A hand fan sits at the side table by my office chair.
I have become a lady with a hand fan.
And when a client tells me something that makes me laugh, or makes me anxious, or activates my over-protective anger on their behalf, or touches on some topic that leads toward a shame of my own – or sometimes for absolutely no reason at all – I feel a sudden flush, like a little lightening strike – that sends tentacles up and down my arms and up to my throat, past my ears up to my scalp and think:
Uh oh. Here it comes:
And then a sweat starts to break out on the back of my neck, and under my chin, and at my hairline, and across my nose and down my arms and its getting hotter and hotter and I know that is no where near peaking and passing yet. The client (it doesn’t matter man, woman or queer, young or old, four hundredth session or an initial consultation) is still talking and I try not to interrupt but all this heat is rising with an adrenal surge – if I don’t do something I’m going to have to run from the room and tear off all my clothes and plunge my head into a basin of ice water – so I go ahead and reach for the hand fan. “Keep talking” I say, “I’m listening” and I am, “Don’t mind me” as I start fanning myself frantically as the damp just begins to cause my glasses to slide down my nose. My hair frizzes. I push my glasses up and they slide back down. I flap flap flap flap and fan and fan myself until it passes, and the tingle has subsided, and the cool comes back in a relieving wave like when you open the door of a too hot sauna after the doorknob spun uselessly in your hand a second or two and you weren’t at all sure you’d be able to get out.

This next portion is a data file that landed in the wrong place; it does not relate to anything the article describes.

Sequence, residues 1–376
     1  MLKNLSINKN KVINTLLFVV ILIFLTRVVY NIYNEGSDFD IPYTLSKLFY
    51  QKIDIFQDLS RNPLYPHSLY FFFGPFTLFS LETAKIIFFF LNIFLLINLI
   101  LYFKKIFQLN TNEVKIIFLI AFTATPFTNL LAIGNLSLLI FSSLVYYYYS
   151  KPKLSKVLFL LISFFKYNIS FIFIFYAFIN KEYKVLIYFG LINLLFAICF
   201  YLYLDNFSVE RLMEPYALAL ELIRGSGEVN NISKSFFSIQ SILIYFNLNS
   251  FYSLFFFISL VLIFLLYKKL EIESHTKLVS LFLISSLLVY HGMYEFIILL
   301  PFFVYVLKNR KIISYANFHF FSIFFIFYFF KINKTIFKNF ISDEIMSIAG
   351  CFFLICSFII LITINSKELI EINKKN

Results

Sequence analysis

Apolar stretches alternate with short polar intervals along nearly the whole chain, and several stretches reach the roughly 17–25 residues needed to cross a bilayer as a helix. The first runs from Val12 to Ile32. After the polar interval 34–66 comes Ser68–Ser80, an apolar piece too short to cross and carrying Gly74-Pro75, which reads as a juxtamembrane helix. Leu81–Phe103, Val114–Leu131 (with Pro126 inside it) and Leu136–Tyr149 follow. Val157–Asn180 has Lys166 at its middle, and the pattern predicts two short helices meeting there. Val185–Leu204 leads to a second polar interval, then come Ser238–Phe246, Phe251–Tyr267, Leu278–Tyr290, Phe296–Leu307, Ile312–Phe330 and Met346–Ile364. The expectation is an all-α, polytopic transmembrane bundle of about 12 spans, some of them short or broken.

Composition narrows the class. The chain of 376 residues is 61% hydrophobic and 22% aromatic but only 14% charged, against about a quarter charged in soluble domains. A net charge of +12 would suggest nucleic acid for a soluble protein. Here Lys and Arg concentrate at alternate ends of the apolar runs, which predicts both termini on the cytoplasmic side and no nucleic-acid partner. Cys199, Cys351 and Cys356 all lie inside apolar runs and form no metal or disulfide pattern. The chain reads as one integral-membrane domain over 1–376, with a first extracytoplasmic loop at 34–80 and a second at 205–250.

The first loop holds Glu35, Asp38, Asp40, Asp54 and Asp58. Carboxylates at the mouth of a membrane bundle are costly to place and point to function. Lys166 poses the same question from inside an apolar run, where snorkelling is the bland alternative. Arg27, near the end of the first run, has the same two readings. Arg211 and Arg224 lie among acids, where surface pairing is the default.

They look at me confused, or annoyed by this new and intrusive behavior: “Hot flash” I say. “Just a fact of life. I’m listening. Go on.”
A reminder to the client, and myself, that everything changes.
My gray hair is no longer premature. My glasses, even in their pleasing frames, are progressive lenses. Without technological advances they would have been trifocals. My paternal grandmother’s genetics announce themselves with the arrival of glaucoma and high ocular pressure that is nowadays easily managed with daily eye drops. I now suddenly have bad feet – neuromas, plantar plate and facia injuries. Mostly just genetic signs of age. Like my maternal grandmother I now wear orthopedic shoes. Thankfully I have cuter options to choose from than the heavy black lace ups she had to wear. I don’t get to run outside anymore. Too hard on the infrastructure. I’ve shifted to an elliptical in my suburban basement.